It’s safe to say it’s been a year chock full of surprises — unanticipated events, unforeseen circumstances and some unimaginable outcomes. As we close in on 2021 (and, perhaps hopefully, begin to close the door on the challenges of 2020), it’s clear that we’ll need to make the most of the predictive capabilities and innovation we have on hand, applying the unique learnings and approaches to reporting and modeling we’ve adapted in a year like no other.
Tools like artificial intelligence, machine learning, datafication and robotic process automation are transforming the claims journey. And when it comes to the changes we’ve seen for reporting mechanisms and modeling, advanced analytics are taking the driver’s seat. We are integrating new models for COVID-19, adjusting our decision optimization tools and taking an increasingly solutions-oriented approach to analytics reporting.
We’re all adjusting to technology in the time of COVID-19. How can we best use the technology at hand to adapt our response?
In addition to the advancements text mining has brought us, we are using our ability to identify, answer and track questions through AI natural language processing chatbots to help in COVID-specific modeling. Our monthly reports include the volume of people coming to Carey, the Sedgwick chatbot, asking COVID-related questions.
Additionally, using the data at hand, we created a model for our clients to predict the cost of COVID-19 on new and existing claims. With the expected long-tail impact of COVID-19, this will help us help our clients plan for now and into the future. Our model is also gauging the impact of COVID-19 on non-COVID claims. Data from this model is available in a dashboard showing the impact across our organization, illustrating totals and trends in multiple categories:
- Severity, duration and cost implications from quarantine cases to confirmed positive cases and beyond
- Breakdowns by state vs. nationally
- Leave trends vs. workers’ compensation trends
- Impact of lack of access to healthcare
- Delays in surgeries
- Court closures or delays impacting claims closure and settlements
Following a year where expectations went out the window, the industry is leaning into data more than ever — and that’s saying something. When the ground wobbles, we steady ourselves by seeking more depth, more accuracy, greater precision. Good data helps organizations anticipate, expect and prepare for altered courses. The bigger question, then, becomes how do we make that data more “parameterized,” so it’s simpler to access and use?
Trends in datafication show this: We are increasingly able to translate behaviors into usable data that can help us understand and inform processes. Sophisticated machine learning tools, such as chatbots, image recognition and automated data mining are used more and more to support and enhance the digital conversation between claim stakeholders. Text mining is one such capability we can expect to see as a growing influencer for analytic predictive models and a way to make our systems more robust. Companies are working through how best to implement it in a scalable way, even as they identify and weigh its potential uses and benefits. By adding this to our analytical models — as an enhancement, not a replacement — we can more easily flag and identify those claims that have notes and text on a particular subject. In turn, we gain a deeper understanding of user needs and learn more data patterns that help develop decision trees.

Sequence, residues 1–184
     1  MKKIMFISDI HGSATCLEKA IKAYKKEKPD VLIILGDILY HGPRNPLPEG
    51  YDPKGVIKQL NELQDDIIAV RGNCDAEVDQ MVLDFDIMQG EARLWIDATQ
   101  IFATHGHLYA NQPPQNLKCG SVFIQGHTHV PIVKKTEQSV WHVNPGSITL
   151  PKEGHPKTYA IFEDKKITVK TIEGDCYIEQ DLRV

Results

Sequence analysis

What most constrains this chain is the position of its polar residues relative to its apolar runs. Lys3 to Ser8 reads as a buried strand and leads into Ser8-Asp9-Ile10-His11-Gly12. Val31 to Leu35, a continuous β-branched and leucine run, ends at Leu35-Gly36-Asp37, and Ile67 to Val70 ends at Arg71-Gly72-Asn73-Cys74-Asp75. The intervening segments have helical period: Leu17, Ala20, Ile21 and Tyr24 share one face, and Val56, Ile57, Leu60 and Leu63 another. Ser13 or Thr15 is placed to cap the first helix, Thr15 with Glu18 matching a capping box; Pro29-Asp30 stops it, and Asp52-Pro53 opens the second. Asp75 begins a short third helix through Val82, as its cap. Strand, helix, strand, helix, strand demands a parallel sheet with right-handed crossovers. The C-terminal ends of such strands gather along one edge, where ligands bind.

For Sedgwick, text mining goes deeper than ever before and makes data mining a much more efficient, quick process — more reasonable for a large number of claims. We have thousands of data fields in our systems, plus more claims history than any other TPA in the market. Being able to get to analytics surrounding millions of freeform notes records has yielded strong results. With ongoing upgrades, we are increasing our ability to perform text mining on the large amounts of unstructured data that our claims adjusters produce. The ability to extract and analyze the important details within an adjuster’s notes significantly improves our ability to identify and prioritize claim-related action items, and to create and compare optimal models for future concerns.
There is no limit to the number of triggers by which clients may wish to be notified or that may influence the trajectory of a claim — COVID-19 data is just one example. Certainly, the more robust the information contained in notes, the more informative the predictive models can be. Current initiatives in text mining will give us the capability for deeper analysis by classifying data by sentiment and topic. For example, sentiment analysis and natural language processing allow Sedgwick to approach the intent of data in new ways that could predict potential litigation or impact reserves.
> Learn more — check out this expanded article, including sidebar content “Tech track: What else is on the horizon for Sedgwick clients?” in Sedgwick’s digital magazine, edge, issue 15